JPMorgan in my opinion is one of the better banks from a business standpoint. What makes the ranking algorithm rank its shares so low stems mainly from lofty analyst expectations and a low intrinsic growth rate. The value of JPMorgan stock implies investors do not believe it has much potential to improve. JPMorgan Chase shares have dropped 5 percent in the past month as competitors Bank of America (BAC), Citigroup (C), and Wells Fargo (WFC) have all increased in price over this time. Investors may continue to stay bearish on JPMorgan as its competitors’ stocks begin to recover.
28. Intel Corporation (INTC)
Intel is a “lost decade” stock that trades at a very low P/E ratio. Intel looks similar from a trading standpoint to Microsoft, but Intel shares are ranked lower because Intel has a much less optimistic outlook for investors compared to Microsoft (MSFT). Microsoft has a short ratio of only 1.2, compared to Intel’s 2.3 short ratio. Although Intel’s 3.82 percent dividend yield looks very attractive in the technology sector, this high yield stems mainly from Intel not having cash cows and not much else to invest in.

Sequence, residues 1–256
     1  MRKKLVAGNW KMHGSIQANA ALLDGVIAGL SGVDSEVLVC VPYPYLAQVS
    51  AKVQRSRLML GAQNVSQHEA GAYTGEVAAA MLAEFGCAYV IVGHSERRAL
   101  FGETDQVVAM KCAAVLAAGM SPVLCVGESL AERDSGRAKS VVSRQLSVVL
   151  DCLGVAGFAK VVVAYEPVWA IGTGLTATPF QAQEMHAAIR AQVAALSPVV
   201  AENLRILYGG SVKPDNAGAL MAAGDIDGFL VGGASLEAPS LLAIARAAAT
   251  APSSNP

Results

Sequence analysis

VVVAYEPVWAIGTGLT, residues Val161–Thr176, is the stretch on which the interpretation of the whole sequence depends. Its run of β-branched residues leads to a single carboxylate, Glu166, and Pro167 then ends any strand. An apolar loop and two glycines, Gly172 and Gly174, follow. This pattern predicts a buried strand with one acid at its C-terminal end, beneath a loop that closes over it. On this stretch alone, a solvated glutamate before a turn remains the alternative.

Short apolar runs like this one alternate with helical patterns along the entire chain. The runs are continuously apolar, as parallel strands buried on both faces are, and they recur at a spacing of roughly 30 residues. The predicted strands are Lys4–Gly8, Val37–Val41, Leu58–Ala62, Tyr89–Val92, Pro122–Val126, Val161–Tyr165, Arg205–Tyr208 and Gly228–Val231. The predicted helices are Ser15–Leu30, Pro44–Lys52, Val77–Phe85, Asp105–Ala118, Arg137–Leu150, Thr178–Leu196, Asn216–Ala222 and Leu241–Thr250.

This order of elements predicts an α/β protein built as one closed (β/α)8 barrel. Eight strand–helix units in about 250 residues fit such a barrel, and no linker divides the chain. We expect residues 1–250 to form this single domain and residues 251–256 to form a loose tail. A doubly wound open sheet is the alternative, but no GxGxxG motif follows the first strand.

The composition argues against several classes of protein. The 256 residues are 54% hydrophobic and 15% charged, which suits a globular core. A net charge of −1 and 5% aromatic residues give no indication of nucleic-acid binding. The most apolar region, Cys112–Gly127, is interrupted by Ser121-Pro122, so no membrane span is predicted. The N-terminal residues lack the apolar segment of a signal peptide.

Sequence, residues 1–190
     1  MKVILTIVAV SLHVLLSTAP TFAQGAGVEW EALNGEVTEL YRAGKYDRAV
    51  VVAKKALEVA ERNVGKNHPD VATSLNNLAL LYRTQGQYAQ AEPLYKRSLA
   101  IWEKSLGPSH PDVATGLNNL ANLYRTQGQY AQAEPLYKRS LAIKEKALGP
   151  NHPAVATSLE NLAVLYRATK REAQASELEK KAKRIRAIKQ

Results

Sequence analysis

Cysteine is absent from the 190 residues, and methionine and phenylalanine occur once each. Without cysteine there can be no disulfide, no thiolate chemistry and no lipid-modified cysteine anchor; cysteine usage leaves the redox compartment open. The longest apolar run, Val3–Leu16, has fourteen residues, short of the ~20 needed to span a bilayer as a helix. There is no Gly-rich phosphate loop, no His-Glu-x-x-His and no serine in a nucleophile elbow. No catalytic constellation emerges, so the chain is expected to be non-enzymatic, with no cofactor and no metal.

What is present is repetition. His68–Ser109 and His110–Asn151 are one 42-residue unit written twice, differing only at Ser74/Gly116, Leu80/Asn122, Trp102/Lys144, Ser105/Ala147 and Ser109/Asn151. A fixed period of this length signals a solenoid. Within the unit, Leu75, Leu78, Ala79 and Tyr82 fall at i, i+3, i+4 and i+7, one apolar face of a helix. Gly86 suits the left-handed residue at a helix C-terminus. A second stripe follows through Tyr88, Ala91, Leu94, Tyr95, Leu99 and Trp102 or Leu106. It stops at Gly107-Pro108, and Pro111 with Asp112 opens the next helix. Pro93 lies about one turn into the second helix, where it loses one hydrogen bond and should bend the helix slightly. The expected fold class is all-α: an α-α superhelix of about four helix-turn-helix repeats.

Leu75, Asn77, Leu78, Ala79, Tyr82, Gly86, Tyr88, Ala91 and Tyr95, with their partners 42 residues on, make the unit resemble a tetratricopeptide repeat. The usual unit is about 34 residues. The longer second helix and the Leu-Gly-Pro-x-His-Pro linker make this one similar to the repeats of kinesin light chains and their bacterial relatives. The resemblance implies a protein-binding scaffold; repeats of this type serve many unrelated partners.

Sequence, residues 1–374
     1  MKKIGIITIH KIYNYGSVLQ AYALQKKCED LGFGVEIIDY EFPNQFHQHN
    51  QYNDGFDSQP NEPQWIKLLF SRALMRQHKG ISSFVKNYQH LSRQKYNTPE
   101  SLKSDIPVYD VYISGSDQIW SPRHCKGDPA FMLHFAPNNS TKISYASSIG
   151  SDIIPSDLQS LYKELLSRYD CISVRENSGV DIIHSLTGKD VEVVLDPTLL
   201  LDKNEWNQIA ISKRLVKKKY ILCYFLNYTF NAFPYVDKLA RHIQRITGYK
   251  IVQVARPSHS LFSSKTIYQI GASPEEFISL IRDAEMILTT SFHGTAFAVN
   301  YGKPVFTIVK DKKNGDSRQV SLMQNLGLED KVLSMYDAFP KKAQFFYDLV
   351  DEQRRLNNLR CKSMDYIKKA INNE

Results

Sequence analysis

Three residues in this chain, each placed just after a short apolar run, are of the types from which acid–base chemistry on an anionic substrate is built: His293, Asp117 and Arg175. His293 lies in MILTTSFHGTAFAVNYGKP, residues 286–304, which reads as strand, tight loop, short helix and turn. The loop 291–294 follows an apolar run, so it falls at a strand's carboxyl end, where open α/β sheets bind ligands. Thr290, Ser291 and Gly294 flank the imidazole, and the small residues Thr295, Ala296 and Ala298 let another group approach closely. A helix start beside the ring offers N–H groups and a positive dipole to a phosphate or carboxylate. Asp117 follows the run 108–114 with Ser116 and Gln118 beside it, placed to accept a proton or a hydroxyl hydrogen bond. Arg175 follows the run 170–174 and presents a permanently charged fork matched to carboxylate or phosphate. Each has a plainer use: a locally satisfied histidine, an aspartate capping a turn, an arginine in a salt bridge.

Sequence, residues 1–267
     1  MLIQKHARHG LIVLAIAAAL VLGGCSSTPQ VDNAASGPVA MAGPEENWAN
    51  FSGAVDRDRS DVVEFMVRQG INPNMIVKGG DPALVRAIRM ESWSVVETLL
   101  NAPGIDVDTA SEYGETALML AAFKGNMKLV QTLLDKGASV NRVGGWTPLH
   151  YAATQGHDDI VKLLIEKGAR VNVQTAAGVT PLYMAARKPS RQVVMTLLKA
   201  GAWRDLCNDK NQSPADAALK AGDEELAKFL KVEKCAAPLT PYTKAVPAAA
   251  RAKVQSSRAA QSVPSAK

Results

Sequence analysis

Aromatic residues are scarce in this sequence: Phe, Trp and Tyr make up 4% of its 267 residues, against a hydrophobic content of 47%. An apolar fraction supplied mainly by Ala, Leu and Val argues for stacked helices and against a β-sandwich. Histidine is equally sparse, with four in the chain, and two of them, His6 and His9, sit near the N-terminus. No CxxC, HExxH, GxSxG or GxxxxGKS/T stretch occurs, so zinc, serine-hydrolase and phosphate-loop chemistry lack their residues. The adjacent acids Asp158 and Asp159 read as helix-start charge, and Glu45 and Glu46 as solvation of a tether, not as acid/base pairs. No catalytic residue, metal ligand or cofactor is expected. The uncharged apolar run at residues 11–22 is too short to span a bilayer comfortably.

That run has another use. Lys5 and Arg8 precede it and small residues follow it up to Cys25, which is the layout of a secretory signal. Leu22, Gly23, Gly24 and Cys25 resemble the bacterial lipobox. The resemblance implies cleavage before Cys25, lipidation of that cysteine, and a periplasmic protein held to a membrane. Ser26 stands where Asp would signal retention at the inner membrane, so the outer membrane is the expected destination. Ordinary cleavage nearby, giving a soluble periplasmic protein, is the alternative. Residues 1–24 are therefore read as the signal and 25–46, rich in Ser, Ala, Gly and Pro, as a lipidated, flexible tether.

29. Alcoa Inc. (AA)
Alcoa trades at a low $11.97 compared to its adjusted price of over $40 in 2008. Alcoa’s dividend yield is very low at 1 percent, and its future outlook looks bleak across the board. Alcoa has somewhat high expectations to recover in earnings and stock price, but if Alcoa fails to meet these expectations, shares can remain bearish.
30. Chevron Corporation (CVX)
As mentioned earlier, the ranking algorithm believes that the oil industry is very bearish and not a good industry to invest in. Chevron has outperformed the market over the past year, but its high short ratio of 2.3, the potential for oil prices to decrease, and its low expected earnings growth all suggest that Chevron is about to substantially decrease in price. The combination of several negative indicators is what drove my ranking algorithm to put Chevron stock at the bottom of the Dow Jones industrial average index.